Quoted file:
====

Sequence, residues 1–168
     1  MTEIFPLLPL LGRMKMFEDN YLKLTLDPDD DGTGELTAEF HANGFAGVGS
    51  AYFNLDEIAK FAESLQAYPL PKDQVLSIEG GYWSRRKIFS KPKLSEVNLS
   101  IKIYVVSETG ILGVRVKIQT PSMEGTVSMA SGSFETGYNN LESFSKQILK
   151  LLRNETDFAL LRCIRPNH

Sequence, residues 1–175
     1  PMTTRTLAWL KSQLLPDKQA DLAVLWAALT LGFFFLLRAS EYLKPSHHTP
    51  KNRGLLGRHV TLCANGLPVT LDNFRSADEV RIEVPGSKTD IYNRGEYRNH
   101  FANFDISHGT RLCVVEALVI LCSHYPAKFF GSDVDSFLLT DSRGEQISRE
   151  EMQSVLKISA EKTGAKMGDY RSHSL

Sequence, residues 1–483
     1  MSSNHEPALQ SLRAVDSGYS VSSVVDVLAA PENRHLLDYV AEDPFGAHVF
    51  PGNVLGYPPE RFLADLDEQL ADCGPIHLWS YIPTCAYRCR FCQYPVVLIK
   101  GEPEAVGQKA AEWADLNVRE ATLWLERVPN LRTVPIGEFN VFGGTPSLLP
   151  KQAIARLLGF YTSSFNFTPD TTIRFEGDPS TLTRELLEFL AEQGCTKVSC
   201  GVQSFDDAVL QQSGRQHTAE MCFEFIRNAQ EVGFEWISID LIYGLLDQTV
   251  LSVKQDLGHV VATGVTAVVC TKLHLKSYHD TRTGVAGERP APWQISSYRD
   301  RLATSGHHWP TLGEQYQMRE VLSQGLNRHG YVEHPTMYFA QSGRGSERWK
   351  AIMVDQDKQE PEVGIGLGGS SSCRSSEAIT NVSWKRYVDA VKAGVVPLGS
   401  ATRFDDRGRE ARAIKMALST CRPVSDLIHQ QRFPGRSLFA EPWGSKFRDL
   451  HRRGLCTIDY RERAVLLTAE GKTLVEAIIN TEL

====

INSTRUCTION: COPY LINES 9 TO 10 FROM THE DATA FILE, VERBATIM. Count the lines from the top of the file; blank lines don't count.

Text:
   101  FANFDISHGT RLCVVEALVI LCSHYPAKFF GSDVDSFLLT DSRGEQISRE
   151  EMQSVLKISA EKTGAKMGDY RSHSL